River-specific macrogenomic diversity in <i>Simulium guianense s</i>. <i>l</i>. (Diptera: Simuliidae), a complex of tropical American vectors associated with human onchocerciasis
by Peter H. Adler, Neusa Hamada, Jeane Marcelle Cavalcante do Nascimento, Maria Eugenia GrilletSimulium guianense Wise is a Latin American vector complex of black flies associated with transmission of the causal agent of human onchocerciasis (river blindness). An analysis of the chromosomal banding patterns of 607 larvae of S. guianense s. l. revealed a high level of variation involving 83 macrogenomic rearrangements across 25 populations in Brazil, French Guiana, and Venezuela. The 25 populations were assigned to 13 cytoforms (A1, A2, B1–B4, C, D, E1–E4, and F), some of which are probably valid species. Based on geographical proximity, a member of the B group of cytoforms probably represents the name-bearing type specimen of S. guianense and the primary vector in the last-remaining onchocerciasis foci in the Western Hemisphere. Cytoform B3 in Amapá State is implicated as an anthropophilic simuliid in an area currently and historically free of onchocerciasis. Distributions of cytoforms are associated with geography, elevation, and drainage basin, and are largely congruent with ecoregions. Despite extraordinarily large larval populations of S. guianense s. l. in big rivers and consequent production of female flies for dispersal, the cytoforms maintain their chromosomal distinction within individual rivers, suggesting a high degree of fidelity to the specialized breeding habitats—rocky shoals—of the natal rivers.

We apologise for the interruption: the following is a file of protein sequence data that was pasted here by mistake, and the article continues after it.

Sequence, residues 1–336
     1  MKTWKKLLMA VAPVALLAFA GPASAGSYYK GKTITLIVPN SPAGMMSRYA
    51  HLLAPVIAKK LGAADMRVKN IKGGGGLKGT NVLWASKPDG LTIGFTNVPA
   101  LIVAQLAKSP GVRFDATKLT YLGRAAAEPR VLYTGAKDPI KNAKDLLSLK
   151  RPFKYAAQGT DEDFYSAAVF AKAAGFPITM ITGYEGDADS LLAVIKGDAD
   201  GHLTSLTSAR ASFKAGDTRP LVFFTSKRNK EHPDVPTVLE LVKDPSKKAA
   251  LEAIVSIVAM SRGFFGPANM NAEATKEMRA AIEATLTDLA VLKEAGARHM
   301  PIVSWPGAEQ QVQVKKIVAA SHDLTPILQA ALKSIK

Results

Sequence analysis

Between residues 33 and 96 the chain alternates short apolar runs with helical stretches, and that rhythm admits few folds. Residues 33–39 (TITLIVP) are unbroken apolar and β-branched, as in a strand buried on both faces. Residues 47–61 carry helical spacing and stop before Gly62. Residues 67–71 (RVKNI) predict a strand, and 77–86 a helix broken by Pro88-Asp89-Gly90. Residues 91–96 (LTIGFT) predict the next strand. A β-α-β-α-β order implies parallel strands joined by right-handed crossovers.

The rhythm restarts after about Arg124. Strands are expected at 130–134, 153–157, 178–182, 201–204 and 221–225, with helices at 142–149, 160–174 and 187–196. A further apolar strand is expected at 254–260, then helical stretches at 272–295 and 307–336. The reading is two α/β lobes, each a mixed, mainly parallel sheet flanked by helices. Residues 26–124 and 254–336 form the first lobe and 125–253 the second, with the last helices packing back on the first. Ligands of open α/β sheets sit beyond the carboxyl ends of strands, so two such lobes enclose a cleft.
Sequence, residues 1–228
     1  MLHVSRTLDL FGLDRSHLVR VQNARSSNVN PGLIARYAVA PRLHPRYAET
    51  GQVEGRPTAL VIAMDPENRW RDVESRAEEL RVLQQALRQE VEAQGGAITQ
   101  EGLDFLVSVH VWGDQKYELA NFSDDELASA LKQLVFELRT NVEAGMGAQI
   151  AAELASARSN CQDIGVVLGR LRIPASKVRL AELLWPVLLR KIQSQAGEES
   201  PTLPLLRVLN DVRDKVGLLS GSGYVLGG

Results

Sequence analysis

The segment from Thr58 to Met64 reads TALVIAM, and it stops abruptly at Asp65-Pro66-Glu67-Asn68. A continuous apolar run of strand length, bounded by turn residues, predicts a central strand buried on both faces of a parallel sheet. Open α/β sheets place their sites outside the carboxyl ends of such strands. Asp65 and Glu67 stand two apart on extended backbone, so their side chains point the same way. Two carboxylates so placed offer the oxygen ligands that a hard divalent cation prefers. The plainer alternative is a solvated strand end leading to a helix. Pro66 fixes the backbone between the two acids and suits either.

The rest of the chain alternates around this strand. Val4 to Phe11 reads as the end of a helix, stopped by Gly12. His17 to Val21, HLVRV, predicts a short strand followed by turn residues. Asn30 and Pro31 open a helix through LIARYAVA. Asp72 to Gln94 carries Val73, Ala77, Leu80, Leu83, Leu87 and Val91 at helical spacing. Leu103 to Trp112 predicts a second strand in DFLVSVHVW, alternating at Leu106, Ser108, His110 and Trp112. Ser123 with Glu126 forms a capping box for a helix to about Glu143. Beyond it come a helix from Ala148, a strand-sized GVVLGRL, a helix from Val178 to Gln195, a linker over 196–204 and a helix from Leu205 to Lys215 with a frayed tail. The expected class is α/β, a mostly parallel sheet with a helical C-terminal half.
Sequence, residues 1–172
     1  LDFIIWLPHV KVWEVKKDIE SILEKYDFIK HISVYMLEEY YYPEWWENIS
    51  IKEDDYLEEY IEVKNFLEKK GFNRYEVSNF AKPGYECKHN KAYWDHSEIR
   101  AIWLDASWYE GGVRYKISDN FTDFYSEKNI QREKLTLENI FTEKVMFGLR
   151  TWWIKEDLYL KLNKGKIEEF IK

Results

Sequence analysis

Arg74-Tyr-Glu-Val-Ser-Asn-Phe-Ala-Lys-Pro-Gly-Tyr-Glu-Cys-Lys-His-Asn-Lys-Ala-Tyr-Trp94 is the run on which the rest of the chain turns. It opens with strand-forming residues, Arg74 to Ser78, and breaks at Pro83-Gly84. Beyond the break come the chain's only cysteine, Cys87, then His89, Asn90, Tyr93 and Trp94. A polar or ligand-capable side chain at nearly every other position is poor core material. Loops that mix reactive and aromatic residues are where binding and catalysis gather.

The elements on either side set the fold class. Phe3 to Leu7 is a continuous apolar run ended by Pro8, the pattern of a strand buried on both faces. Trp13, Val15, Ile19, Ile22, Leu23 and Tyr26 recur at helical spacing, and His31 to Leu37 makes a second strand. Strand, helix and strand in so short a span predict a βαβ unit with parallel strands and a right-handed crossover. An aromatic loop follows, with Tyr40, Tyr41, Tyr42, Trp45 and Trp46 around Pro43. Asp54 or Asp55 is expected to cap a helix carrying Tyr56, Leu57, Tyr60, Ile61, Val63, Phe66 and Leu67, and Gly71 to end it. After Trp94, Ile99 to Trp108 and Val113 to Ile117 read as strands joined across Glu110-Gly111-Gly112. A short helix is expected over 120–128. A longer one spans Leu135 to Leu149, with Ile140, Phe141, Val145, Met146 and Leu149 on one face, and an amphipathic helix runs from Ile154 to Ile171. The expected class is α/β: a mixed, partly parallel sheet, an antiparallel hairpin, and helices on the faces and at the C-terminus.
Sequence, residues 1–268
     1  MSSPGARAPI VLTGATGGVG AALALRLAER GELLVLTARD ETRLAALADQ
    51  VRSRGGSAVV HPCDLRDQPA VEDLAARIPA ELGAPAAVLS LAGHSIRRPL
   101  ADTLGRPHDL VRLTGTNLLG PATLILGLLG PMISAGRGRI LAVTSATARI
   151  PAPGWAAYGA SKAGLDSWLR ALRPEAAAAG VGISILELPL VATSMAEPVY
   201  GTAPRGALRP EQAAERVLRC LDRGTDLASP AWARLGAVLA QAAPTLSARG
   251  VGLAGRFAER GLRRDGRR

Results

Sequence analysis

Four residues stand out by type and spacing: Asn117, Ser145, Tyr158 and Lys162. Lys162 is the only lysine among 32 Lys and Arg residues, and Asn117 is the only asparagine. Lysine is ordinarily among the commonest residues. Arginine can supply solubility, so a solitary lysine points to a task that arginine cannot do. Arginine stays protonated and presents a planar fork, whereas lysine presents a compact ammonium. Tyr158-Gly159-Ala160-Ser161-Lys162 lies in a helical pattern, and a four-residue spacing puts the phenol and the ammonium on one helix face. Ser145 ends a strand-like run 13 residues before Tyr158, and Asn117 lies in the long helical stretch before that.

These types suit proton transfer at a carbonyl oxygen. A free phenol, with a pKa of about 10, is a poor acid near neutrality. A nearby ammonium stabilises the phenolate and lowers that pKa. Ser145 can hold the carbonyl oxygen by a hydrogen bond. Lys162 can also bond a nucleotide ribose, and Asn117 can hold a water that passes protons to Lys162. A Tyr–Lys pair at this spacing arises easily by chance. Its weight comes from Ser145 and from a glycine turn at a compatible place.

Publisher URL: http://journals.plos.org/plosone/article
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